JAMBOJET wrote:LCDFlight wrote:LJ wrote:
The current bail out makes sense as it would have wiped out most if not all airlines, something you probably don't want as a government. However, that doesn't mean they need to be supported indefinitely.
I understand that argument, so let me try to reply.
1. If all Big 4 airlines liquidate, there are plentiful experienced ATP looking for a job, eager to work.
2. If all Big 4 airlines liquidate, there are many well maintained fleets looking for an assignment ASAP.
3. "", there are expert airline HQ staff ready to set up an airline.
4. New airlines can be set up in weeks, if there is demand going unserved.
5. During liquidation, the needed regulatory pieces would be available for sale - maintenance certificates, training, etc.
There are many things to worry about, but insufficient airline capacity is not something the US ever needs to worry about. People who worry about that don't understand.
I'd have to guess you've never been involved in a logistics Company. They aren't as simple to start up, especially in an extremely regulated industry, as you suggest. We aren't talking about a new restaurant in Hell's Kitchen or West Loop. Take someone like David Neeleman setting up Breeze/Moxy. He's started new airlines all over the world and yet didn't even publicly bring up Moxy until June, 2018 and it's still not off the ground (will it ever?). There are plenty of used aircraft and failing airlines around the world where he could've had aircraft tomorrow if it was as simple as you suggest.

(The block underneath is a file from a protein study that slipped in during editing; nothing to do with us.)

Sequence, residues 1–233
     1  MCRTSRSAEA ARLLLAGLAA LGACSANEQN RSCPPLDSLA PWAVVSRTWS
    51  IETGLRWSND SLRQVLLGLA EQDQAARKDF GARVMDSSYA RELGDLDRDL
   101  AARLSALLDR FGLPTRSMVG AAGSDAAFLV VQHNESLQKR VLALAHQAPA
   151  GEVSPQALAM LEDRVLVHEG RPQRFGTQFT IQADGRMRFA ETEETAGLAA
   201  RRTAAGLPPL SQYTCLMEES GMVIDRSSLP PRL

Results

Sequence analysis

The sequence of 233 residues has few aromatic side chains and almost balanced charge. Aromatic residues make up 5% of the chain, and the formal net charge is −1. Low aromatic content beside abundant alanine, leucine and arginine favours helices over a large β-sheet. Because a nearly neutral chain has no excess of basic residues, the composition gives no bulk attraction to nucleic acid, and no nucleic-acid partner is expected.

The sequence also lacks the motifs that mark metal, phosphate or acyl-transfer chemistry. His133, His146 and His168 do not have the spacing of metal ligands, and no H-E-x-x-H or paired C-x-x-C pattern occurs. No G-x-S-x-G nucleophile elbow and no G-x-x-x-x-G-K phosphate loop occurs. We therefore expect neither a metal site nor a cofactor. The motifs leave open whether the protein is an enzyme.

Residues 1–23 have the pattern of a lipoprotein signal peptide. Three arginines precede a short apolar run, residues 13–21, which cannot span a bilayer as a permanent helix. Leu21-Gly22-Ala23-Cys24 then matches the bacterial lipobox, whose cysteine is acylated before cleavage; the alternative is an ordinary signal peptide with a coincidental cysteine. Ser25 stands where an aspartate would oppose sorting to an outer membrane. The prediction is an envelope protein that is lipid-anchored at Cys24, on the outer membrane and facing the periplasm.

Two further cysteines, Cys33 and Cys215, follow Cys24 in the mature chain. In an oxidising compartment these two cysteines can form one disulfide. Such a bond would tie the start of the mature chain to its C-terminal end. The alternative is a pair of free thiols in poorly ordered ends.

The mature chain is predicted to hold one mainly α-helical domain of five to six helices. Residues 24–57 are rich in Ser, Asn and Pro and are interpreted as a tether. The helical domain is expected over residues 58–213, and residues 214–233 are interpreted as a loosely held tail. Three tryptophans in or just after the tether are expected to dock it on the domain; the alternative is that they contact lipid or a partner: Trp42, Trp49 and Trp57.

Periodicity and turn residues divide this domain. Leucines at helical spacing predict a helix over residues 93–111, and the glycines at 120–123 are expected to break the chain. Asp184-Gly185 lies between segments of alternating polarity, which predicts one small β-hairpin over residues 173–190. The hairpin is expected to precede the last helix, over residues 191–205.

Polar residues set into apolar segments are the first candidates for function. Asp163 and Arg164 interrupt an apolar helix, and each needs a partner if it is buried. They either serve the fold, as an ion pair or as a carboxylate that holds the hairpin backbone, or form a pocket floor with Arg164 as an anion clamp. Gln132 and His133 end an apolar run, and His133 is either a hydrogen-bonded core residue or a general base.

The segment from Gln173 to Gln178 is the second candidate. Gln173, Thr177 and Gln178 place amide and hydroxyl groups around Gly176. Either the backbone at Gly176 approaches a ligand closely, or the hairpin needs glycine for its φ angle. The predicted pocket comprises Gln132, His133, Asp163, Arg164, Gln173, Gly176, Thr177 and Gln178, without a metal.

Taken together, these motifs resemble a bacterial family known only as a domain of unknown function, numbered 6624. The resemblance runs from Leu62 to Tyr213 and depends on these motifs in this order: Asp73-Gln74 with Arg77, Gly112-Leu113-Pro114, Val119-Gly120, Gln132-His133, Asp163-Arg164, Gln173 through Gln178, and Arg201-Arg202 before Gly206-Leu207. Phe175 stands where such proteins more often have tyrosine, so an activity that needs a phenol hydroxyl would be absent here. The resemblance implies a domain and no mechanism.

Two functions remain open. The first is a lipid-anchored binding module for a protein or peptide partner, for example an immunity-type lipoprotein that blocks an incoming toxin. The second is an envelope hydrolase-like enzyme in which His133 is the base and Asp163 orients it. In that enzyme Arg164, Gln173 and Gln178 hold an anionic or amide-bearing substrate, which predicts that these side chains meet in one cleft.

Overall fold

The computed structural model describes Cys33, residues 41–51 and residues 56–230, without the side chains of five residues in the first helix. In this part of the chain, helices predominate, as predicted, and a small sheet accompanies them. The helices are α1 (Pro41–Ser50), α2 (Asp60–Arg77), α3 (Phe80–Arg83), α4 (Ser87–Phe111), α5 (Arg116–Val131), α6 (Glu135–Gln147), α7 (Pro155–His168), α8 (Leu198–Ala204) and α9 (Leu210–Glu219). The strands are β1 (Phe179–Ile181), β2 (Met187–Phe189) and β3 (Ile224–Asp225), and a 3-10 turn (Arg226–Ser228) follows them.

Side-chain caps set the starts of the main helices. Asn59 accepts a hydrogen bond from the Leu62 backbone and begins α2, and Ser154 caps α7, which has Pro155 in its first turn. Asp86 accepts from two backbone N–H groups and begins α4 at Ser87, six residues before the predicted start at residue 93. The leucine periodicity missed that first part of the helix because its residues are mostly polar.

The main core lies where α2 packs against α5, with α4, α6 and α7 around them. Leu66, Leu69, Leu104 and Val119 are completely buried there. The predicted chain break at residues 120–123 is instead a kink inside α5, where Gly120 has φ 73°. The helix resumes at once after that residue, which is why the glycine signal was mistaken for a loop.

I generally don't like federal bailouts. However, what you miss is that all of the US airlines actually had a way to survive with their piles of billions of cash: Shut down the infrastructure of the US and quit all flying altogether and lay off everyone temporarily. However, the federal government didn't like that option and came up with a way to prevent that.
Like it or not, the US has a critical infrastructure that is run by the private sector that had the full legal ability to shut down the US' infrastructure to survive the government-mandated shutdown.
Nope, this is a smokescreen. Sure, I have been involved in airlines, enough to know how resilient and flexible they are. They can be in Chapter 11 today, eject labor and financing deals this afternoon and re-size to serve the existing market by tomorrow morning. No legal flight certificates lapse at all. We saw this happen almost a dozen times in recent years.
I understand this was a chaotic situation where it seemed like maybe we need to bail various things out. I even agree that prohibiting international flying was really rough, so rough that some bailout is fair.
We can expect much more of those communications and those narratives in the coming months and years. Tell a nice story and get $50 billion? Anticipate long lines of storytellers.
Looking closely, the current problem is too MUCH capacity, not too little capacity.